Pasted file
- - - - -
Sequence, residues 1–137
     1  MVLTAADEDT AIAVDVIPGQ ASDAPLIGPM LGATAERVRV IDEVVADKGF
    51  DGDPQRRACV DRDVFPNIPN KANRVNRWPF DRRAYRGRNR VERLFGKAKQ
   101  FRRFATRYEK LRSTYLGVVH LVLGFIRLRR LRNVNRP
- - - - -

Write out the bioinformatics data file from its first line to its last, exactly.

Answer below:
Sequence, residues 1–137
     1  MVLTAADEDT AIAVDVIPGQ ASDAPLIGPM LGATAERVRV IDEVVADKGF
    51  DGDPQRRACV DRDVFPNIPN KANRVNRWPF DRRAYRGRNR VERLFGKAKQ
   101  FRRFATRYEK LRSTYLGVVH LVLGFIRLRR LRNVNRP